The Impact Of Covid On Workplace Conflict – Forbes

As more countries move tentatively back to a version of ‘normal’, and organizations cement their plans for working patterns, leaders may anticipate some unhappiness or discord amongst staff. But many may not be prepared for the number of workplace conflict issues rising to the surface.

Workplace mediators have noticed some new themes in employee conflict over the pandemic. New issues are appearing, different people are reaching out, and what they’re saying has changed too. As time goes on, more of these disputes are becoming apparent, particularly as staff return to work, having been reluctant to bring up issues remotely or when it was ‘all hands-on-deck’ during the early days of Covid. By looking through the window of hundreds of Covid-era mediations, leaders can understand some of the bigger themes in workplace conflict to better support staff in addressing the issues they face.

Conflict and the organization

Over the past 18 months, one significant theme in workplace conflict is that employees are increasingly in conflict with the organization itself. Throughout Covid, many employee-employer disputes have hit the headlines, often fueled by pandemic-driven changes to working lives. Recently, Apple employees voiced concerns about ‘rigid’ hybrid working rules, and Google’s staff are reportedly angry about a ‘two tier’ remote working plan. As organizations try to get staff back into workplaces, this theme is likely to continue.

It’s interesting to reflect on is why there is more conflict between staff and organization. Many people’s attitude to work has shifted over the pandemic. For some, the pandemic has led to a change in priorities, putting their own needs or dreams first. For others, the way they perceive they’ve been treated during the pandemic has affected their view of their employer. Whether staff want to take a different career path or fight for hybrid working, some now feel in a stronger position to stand up for what they want, or they’ll walk, prompting some economists to forecast the ‘Great Resignation’.

Conflict in teams 

In the experience of many mediators and conflict coaches, the last 18 months have seen an increase in team mediations. Some have been driven by specific pandemic-related issues, such as colleagues not respecting social distancing or safety protocols. Others are indirectly related, such as team behaviors on video calls.

Generally, there has been more team conflict related to diversity. A recent survey by The Workforce Institute revealed that 83% of UK employees feel people at their organization are not heard fairly or equally. There are particular tensions between different age groups. Millennials and Gen Z have very different expectations as to how they want to live and work. This can cause friction with older colleagues used to doing things differently. With the increase in flexible working patterns, this is an area that is likely to need continued focus.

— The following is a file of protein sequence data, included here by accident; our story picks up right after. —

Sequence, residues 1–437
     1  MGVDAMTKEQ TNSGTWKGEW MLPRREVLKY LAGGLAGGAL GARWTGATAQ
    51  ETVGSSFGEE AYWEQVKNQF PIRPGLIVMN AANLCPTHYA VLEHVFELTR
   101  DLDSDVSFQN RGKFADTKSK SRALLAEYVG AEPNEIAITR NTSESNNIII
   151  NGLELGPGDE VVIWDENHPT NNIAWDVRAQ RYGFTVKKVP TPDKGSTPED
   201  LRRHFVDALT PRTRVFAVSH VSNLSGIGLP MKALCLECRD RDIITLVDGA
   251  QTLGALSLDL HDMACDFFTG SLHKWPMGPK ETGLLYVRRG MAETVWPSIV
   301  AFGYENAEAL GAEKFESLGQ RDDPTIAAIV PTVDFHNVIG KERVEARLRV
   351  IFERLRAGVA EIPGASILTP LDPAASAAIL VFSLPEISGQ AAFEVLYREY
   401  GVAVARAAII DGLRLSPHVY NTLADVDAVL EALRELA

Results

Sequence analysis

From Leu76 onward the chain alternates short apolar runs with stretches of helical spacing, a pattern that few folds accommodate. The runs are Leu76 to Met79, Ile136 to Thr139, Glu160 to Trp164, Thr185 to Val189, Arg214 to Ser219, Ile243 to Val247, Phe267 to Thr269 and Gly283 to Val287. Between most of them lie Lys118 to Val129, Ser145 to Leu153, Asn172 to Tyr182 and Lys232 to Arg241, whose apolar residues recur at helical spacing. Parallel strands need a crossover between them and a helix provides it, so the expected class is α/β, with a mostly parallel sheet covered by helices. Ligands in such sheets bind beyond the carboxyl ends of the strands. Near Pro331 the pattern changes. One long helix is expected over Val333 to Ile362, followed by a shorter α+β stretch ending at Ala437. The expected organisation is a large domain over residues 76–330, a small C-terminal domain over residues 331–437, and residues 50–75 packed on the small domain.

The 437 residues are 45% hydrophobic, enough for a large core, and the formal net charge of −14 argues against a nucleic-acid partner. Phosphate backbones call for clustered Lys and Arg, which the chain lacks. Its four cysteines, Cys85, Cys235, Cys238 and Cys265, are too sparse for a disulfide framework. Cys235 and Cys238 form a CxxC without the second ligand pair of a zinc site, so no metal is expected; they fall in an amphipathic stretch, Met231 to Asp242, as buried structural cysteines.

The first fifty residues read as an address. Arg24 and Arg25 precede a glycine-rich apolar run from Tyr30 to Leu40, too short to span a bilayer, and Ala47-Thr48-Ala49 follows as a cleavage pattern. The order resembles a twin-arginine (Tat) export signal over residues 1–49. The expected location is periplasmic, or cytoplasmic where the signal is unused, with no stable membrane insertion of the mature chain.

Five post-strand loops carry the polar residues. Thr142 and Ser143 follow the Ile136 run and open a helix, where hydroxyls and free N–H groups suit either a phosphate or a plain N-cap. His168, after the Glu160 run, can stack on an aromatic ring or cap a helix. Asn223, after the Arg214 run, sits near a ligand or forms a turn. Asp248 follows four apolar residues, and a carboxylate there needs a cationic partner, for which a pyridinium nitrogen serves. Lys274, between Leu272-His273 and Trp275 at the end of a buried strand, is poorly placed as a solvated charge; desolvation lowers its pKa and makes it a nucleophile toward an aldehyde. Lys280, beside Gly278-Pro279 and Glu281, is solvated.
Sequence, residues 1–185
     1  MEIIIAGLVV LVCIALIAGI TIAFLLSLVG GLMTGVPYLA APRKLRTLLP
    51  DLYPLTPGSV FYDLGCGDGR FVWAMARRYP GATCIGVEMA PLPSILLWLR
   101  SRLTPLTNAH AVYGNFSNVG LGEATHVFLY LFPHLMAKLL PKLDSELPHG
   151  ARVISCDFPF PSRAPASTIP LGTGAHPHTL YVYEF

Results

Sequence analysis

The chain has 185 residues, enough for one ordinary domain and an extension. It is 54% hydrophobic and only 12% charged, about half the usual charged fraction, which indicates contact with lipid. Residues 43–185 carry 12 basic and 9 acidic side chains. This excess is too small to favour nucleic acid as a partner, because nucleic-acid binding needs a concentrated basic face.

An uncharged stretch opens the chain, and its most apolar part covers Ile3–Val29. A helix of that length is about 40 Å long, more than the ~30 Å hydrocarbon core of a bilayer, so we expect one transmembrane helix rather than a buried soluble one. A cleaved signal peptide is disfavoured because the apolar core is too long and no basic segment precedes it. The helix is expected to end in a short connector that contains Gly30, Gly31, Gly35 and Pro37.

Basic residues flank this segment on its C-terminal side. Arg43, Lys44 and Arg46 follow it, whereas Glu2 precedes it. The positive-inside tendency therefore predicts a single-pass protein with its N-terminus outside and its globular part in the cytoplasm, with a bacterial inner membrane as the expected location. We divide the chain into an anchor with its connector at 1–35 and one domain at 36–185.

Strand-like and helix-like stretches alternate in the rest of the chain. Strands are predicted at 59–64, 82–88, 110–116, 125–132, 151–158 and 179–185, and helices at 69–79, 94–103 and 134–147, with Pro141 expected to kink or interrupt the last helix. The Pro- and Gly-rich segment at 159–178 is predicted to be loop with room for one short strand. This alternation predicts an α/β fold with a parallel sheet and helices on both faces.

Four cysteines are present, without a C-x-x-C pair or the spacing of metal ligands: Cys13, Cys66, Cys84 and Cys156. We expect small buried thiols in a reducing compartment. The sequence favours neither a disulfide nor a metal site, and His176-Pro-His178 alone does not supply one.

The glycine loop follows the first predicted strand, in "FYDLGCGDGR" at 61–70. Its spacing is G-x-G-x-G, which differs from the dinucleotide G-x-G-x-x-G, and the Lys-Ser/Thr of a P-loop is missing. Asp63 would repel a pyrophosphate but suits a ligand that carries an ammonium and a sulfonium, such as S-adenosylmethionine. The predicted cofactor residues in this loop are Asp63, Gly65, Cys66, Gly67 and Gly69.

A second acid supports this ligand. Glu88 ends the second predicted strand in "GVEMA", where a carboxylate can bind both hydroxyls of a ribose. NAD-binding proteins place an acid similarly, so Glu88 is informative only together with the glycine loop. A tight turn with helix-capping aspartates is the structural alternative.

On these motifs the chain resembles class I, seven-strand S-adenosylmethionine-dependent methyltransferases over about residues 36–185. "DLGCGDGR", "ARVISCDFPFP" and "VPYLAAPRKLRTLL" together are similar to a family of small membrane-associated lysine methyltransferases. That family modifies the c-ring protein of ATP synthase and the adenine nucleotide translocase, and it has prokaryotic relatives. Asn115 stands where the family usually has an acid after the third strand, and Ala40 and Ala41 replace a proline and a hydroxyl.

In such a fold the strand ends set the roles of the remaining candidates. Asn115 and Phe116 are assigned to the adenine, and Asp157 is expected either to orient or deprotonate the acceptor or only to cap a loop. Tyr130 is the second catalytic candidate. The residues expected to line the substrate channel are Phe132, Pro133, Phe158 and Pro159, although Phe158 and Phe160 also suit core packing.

There are other underlying themes contributing to team conflict. Managers continue to be under considerable pressure, from supervising remote teams to dealing with hybrid working or a return to work. When conflict does arise within their team, line managers often lack the skills and confidence to address it. This was backed up by a recent report for Acas, which reported that when employees discuss a conflict issue with their manager, union representative, or HR, only 43% reported that the problem had been resolved.

Conflict and the individual 

On an interpersonal level, conflict has arisen from feeling overworked and overwhelmed, with additional at-home caring responsibilities a contributory factor. There have also been more disputes related to mental health during the pandemic, as existing mental health issues have been exacerbated by isolation, working conditions, and the uncertainty created by the pandemic.

Underpinning this are wider societal shifts. More people are speaking up now, as they are increasingly aware of their right to be heard, fueled by seeing others do so on social media. Workers are also voicing their views more openly, illustrated by the recent Netflix controversy, which saw workers reportedly ‘griping’ about their bosses. There is also greater awareness of health at work, with staff talking more openly about mental health issues.

Whatever perspective conflict is considered from, the underlying theme is that employees are speaking up more, be that as an individual with coworkers, within a team environment, or asserting their views to their employers. Too often, conflict is viewed as a negative, but it is through the process of speaking up that individuals, teams, and organizations inspire, innovate and grow. So perhaps one of the few silver linings of the pandemic is that it offers leaders an opportunity to support those in conflict to speak up in a more informal way and find solutions to seemingly intractable situations.

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